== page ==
This notebook contains an excerpt from the Python Programming and Numerical Methods - A Guide for Engineers and Scientists, the content is also available at Berkeley Python Numerical Methods.

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# Summary¶

1. Mathematical models are used to understand, predict, and control engineering systems. These models consist of parameters that govern the way the model behaves.

2. Given a set of experimental data, least squares regression is a method of finding a set of model parameters that fits the data well. That is, it minimizes the squared error between the model, or estimation function, and the data points.

3. In linear least squares regression, the estimation function must be a linear combination of linearly independent basis functions.

4. The set of parameters $${\beta}$$ can be determined by the least squares equation $${\beta} = (A^T A)^{-1} A^T Y$$, where the $$j$$-th column of $$A$$ is the $$j$$-th basis function evaluated at each $$X$$ data point.

5. To estimate a nonlinear function, we can transform it into a linear estimation function or directly use least square regression to solve the non-linear function using curve_fit from scipy.

# Problems¶

1. Repeat the multivariable calculus derivation of the least squares regression formula for an estimation function $$\hat{y}(x) = ax^2 + bx + c$$ where $$a, b$$, and $$c$$ are the parameters.

2. Write a function my_ls_params(f, x, y), where x and y are arrays of the same size containing experimental data, and f is a list with each element a function object to a basis vector of the estimation function. The output argument, beta, should be an array of the parameters of the least squares regression for x, y, and f.

3. Write a function my_func_fit (x,y), where x and y are column vectors of the same size containing experimental data, and the function returns alpha and beta are the parameters of the estimation function $$\hat{y}(x) = {\alpha} x^{{\beta}}$$.

4. Given four data points $$(x_i, y_i)$$ and the parameters for a cubic polynomial $$\hat{y}(x) = ax^3 + bx^2 + cx + d$$, what will be the total error associated with the estimation function $$\hat{y}(x)$$? Where can we place another data point (x,y) such that no additional error is incurred for the estimation function?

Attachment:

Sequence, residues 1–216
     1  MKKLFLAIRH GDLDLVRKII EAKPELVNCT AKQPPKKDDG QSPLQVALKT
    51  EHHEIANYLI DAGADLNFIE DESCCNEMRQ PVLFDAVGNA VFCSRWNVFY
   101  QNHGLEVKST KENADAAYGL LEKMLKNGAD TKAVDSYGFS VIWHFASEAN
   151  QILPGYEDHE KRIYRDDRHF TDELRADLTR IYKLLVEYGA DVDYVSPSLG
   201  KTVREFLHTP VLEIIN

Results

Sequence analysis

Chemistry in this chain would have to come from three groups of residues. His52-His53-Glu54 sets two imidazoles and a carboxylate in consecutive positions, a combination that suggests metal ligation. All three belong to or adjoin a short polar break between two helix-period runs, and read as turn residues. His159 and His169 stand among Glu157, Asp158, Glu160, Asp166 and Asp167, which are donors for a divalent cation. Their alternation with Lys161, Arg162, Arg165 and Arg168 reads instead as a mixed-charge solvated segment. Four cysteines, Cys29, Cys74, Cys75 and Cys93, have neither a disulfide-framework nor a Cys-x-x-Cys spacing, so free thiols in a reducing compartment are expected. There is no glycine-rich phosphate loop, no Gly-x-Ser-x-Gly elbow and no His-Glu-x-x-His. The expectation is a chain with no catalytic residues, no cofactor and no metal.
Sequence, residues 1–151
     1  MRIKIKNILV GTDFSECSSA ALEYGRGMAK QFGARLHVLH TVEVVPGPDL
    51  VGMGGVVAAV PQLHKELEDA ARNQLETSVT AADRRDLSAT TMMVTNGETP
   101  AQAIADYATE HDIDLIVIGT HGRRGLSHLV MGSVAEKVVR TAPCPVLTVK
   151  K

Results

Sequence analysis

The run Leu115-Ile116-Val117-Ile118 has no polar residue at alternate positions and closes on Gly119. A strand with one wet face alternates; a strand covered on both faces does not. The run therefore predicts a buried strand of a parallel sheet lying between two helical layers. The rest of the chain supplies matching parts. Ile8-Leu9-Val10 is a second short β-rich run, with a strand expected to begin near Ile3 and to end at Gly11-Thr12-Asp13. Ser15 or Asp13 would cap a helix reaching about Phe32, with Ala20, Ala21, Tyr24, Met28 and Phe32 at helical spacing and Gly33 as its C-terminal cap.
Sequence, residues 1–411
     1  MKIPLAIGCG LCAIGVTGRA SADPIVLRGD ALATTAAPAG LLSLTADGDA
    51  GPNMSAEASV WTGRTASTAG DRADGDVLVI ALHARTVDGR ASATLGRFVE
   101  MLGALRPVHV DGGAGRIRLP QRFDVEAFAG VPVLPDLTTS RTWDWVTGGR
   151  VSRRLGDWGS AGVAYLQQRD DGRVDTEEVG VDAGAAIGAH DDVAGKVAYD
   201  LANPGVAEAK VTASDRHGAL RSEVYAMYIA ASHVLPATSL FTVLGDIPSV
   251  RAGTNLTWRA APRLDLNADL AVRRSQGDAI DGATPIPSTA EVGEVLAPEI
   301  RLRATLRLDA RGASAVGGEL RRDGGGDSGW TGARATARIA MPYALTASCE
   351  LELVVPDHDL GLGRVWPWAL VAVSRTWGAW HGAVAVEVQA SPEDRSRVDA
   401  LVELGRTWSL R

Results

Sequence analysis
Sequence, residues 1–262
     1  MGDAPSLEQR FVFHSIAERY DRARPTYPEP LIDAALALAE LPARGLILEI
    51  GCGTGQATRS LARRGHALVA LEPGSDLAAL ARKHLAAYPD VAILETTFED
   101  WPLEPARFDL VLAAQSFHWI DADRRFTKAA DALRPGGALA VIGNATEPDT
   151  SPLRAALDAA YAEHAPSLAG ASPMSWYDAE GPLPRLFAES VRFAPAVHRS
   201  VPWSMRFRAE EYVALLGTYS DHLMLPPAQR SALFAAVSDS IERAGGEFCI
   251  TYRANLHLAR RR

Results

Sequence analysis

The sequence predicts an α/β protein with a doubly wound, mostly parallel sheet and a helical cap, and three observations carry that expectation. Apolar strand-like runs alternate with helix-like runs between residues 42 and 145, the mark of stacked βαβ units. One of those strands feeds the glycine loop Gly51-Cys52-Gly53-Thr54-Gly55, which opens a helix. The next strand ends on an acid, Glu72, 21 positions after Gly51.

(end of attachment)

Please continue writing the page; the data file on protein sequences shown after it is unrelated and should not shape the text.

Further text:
5. Write a function my_lin_regression(f, x, y), where f is a list containing function objects to basis functions, and x and y are arrays containing noisy data. Assume that x and y are the same size.

Let an estimation function for the data contained in x and y be defined as $$\hat{y}(x) = {\beta}(1) \cdot f_{1}(x) + {\beta}(2) \cdot f_{2}(x) + \cdots + {\beta}(n) \cdot f_{n}(x)$$, where n is the length of f. Your function should compute beta according to the least squares regression formula.

Test Case: Note that your solution may vary by a little bit depending on the random numbers generated.

x = np.linspace(0, 2*np.pi, 1000)
y = 3*np.sin(x) - 2*np.cos(x) + np.random.random(len(x))
f = [np.sin, np.cos]
beta = my_lin_regression(f, x, y)

plt.figure(figsize = (10,8))
plt.plot(x,y,'b.', label = 'data')
plt.plot(x, beta[0]*f[0](x)+beta[1]*f[1](x)+beta[2], 'r', label='regression')
plt.xlabel('x')
plt.ylabel('y')
plt.title('Least Square Regression Example')
plt.legend()
plt.show()
1. Write a function my_exp_regression (x,y), where x and y are arrays the same size.

Let an estimation function for the data contained in x and y be defined as $$\hat{y}(x) = {\alpha} e^{{\beta} x}$$. Your function should compute $${\alpha}$$ and $${\beta}$$ as the solution to the least squares regression formula.

Test Cases: Note that your solution may vary from the test case slightly depending on the random numbers generated.

x = np.linspace(0, 1, 1000)
y = 2*np.exp(-0.5*x) + 0.25*np.random.random(len(x))

alpha, beta = my_exp_regression(x, y)

plt.figure(figsize = (10,8))
plt.plot(x,y,'b.', label = 'data')
plt.plot(x, alpha*np.exp(beta*x), 'r', label='regression')
plt.xlabel('x')
plt.ylabel('y')
plt.title('Least Square Regression on Exponential Model')
plt.legend()
plt.show()